Archives for posts with tag: Science Fiction

Author Philip K Dick in 1982
by Gary Glauber

Money would have been great
but they required suppression.
We felt that the original was good
so we stuck to our guns.
Finally we came to an agreement:
the payment is very small.
In the mainstream I am essentially a novice,
not known.

It may be that I’ve lost the ability to write.
It’s been over twenty years
and it’s very problematical.
This is definitely an unproven thing, an X factor.
I may find that I’ve wound up with nothing.
I don’t think my agent figures I’m going
to live much longer.

I’m more or less apathetic to the megabucks.
I live a rather ascetic life.
I don’t have material wants; I have no debts.
My condominium my car my stereo is paid off.
A person must always take his best shot at everything,
whether he repairs shoes, drives a bus,
writes novels, or sells fruit.
You do the best you can.
If you fail, well, blame it on your mother.

SOURCE: Phillip K. Dick’s Final Interview with John Boonstra, Rod Serling’s The Twilight Zone Magazine (Vol. 2, No. 3, June 1982, pp. 47-52).

IMAGE: Author Philip K. Dick (1928-1982) by Philippe Hupp, ALL RIGHTS RESERVED.

NOTE FROM THE AUTHOR: This found poem is from an interview with celebrated science fiction writer Phillip K. Dick. This was his final interview actually, and in it he discussed issues with rewriting his work for movies or novelizations of movies. Many of his works were made into successful films, including Blade Runner, Total Recall, The Minority Report, The Adjustment Bureau, A Scanner Darkly, and more. Unfortunately, he did not live to see many of these things happen. His work is amazing, and I’ve always been influenced by his works and ideas.

Gary by barn

ABOUT THE AUTHOR: Gary Glauber is a poet, fiction writer, and teacher. His works have been nominated for the Pushcart Prize, as well as “Best of the Net.” Recent poems are published or forthcoming in Fjords Review, JMWW, Stone Voices, Ginger Piglet, The Citron Review, 3 Elements Review, The Blue Hour, Stoneboat Journal, Stone Path Review, Fredericksburg Literary Review, and Think Journal. He is a champion of the underdog who often composes to an obscure power pop soundtrack. His first collection, Small Consolations, is due out in 2015 from The Aldrich Press.



by Philip K. Dick

“But let me tell you my cat joke. It’s very short and simple. A hostess is giving a dinner party and she’s got a lovely five-pound T-bone steak sitting on the sideboard in the kitchen waiting to be cooked while she chats with the guests in the living room — has a few drinks and whatnot. But then she excuses herself to go into the kitchen to cook the steak-and it’s gone. And there’s the family cat, in the corner, sedately washing its face.”

“The cat got the steak,” Barney said.

“Did it? The guests are called in; they argue about it. The steak is gone, all five pounds of it; there sits the cat, looking well-fed and cheerful. ‘Weigh the cat,’ someone says. They’ve had a few drinks; it looks like a good idea. So they go into the bathroom and weigh the cat on the scales. It reads exactly five pounds. They all perceive this reading and a guest says, ‘okay, that’s it. There’s the steak.’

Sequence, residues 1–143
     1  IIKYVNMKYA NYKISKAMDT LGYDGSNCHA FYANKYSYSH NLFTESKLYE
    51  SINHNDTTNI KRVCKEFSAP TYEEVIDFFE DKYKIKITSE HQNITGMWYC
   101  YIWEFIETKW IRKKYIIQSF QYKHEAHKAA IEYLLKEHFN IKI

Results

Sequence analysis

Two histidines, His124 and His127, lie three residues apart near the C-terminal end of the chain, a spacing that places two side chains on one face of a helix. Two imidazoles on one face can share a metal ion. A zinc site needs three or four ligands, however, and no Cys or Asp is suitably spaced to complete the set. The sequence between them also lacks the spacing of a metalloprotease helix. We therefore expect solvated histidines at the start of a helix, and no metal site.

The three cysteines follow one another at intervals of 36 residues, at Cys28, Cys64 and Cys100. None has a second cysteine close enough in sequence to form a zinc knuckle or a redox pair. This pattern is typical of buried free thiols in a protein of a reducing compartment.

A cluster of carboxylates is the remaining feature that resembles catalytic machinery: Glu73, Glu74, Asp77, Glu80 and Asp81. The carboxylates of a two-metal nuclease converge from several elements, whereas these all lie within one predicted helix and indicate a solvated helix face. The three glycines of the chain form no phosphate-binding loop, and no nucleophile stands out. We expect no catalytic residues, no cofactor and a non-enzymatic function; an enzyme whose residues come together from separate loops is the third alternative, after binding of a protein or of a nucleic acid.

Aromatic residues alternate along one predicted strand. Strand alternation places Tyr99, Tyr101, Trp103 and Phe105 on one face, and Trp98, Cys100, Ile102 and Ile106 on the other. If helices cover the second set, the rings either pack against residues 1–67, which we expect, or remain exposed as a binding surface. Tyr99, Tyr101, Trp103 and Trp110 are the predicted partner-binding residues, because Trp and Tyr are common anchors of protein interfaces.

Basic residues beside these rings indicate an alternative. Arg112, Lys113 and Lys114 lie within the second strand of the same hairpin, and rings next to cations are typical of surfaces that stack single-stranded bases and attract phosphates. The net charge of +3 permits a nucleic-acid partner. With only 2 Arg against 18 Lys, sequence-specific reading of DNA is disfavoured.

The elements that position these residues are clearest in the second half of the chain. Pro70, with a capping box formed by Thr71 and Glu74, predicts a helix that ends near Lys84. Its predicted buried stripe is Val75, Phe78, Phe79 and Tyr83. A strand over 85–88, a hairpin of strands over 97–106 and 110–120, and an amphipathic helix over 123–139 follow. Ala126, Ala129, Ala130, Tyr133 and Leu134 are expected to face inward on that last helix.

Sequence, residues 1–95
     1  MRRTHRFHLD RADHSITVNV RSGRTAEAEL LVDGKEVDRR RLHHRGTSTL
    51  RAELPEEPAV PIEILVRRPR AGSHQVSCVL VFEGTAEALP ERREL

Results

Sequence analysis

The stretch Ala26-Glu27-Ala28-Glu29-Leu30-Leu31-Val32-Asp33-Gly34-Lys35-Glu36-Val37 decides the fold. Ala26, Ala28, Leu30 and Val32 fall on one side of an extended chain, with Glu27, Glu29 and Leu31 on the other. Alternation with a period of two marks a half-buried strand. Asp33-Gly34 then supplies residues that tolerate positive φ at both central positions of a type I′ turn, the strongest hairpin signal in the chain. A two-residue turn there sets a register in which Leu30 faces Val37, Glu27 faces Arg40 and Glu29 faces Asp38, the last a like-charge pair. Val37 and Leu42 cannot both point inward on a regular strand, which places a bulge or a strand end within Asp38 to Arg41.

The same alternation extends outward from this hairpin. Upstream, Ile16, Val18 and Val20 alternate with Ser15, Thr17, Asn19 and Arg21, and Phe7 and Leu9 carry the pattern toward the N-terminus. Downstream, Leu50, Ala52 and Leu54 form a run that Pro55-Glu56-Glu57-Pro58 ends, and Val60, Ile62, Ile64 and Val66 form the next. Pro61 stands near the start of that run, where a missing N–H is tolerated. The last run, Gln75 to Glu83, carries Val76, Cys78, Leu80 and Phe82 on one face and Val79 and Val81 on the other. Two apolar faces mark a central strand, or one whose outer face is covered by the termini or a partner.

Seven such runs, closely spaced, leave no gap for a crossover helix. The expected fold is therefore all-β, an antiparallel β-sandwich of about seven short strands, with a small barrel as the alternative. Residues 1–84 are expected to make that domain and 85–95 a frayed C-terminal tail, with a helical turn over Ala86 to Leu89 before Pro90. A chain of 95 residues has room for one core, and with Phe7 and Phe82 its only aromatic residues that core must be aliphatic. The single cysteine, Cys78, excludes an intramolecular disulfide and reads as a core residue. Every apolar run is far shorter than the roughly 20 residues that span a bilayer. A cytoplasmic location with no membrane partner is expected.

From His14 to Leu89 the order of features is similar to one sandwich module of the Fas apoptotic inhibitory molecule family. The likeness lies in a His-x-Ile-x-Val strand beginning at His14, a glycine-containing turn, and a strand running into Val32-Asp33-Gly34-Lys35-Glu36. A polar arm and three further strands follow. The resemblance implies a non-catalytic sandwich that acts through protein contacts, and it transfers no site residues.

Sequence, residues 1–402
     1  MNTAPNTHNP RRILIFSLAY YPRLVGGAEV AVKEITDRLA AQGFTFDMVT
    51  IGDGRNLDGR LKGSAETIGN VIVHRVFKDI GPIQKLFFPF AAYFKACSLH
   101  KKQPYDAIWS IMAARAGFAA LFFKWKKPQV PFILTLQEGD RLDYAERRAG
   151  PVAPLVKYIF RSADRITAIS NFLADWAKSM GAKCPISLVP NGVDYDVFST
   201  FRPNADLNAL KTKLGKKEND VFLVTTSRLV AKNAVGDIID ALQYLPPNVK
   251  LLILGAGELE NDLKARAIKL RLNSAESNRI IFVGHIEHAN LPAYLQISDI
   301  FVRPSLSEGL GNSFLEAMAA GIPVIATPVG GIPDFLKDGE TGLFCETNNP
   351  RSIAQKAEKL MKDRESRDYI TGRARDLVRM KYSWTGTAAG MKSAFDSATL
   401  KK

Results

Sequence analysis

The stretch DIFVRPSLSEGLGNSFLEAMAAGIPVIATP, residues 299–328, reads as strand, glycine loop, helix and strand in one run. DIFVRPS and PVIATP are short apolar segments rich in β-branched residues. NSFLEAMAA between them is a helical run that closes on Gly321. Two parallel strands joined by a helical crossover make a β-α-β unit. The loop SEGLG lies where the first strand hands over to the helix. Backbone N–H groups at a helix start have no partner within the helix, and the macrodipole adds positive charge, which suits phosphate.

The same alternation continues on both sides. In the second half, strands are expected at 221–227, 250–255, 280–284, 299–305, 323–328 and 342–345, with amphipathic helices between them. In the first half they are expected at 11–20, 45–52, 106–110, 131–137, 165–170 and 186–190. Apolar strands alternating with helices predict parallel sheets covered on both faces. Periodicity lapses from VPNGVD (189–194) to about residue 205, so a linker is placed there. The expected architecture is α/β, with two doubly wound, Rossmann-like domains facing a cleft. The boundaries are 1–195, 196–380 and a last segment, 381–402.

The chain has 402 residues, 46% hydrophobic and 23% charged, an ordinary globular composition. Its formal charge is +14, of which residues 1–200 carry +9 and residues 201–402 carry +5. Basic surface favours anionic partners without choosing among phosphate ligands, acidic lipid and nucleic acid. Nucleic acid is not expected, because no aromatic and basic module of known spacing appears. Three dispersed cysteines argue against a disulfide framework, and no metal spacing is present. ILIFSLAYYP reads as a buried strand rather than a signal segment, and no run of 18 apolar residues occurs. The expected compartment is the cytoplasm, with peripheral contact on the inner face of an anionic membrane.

They’re satisfied that they know what happened, now; they’ve got empirical proof. Then a qualm comes to one of them and he says, puzzled, ‘But where’s the cat?”’

SOURCE: Excerpted from The Three Stigmata of Palmer Eldrich by Philip K. Dick.

ABOUT THE AUTHOR: Philip K. Dick was born in Chicago in 1928 and lived most of his life in California. In 1952, he began writing professionally and proceeded to write numerous novels and short story collections. He won the Hugo Award for the best novel in 1962 for The Man in the High Castle and the John W. Campbell Memorial Award for best novel of the year in 1974 for Flow My Tears, the Policeman Said. He is most well known for his short story “Do Androids Dream of Electric Sleep,” made into the film Blade Runner. He died in 1982, shortly before the film was released. Dick was a prolific writer with forty-four novels and over one hundred short stories to his credit. Other film adaptations of his work include Total Recall, A Scanner Darkly, Minority Report, Paycheck, and The Adjustment Bureau.

PHOTO: Philip K. Dick and feline friend.


In this mid-1960s photo, Jimi Hendrix (1942-1970) is engrossed in Penguin Science Fiction (#1638), edited by Brian Aldiss. The anthology (originally published in 1961 and reissued in 1965) included stories by Isaac Asimov, J.G. Ballard, and an author most people wouldn’t associate with sci-fi — John Steinbeck, who won the 1962 Nobel Prize in Literature.


Steinbeck’s contribution to PENGUIN SCIENCE FICTION #1638 was entitled “The Short-Short Story of Mankind: A Fable.” An excerpt is included below.

The Short-Short Story of Mankind: A Fable (Excerpt)
by John Steinbeck

It was pretty draughty in the cave in the middle of the afternoon. There wasn’t any fire, the last spark had gone out six months ago and the family wouldn’t have any more fire until lightning struck another tree.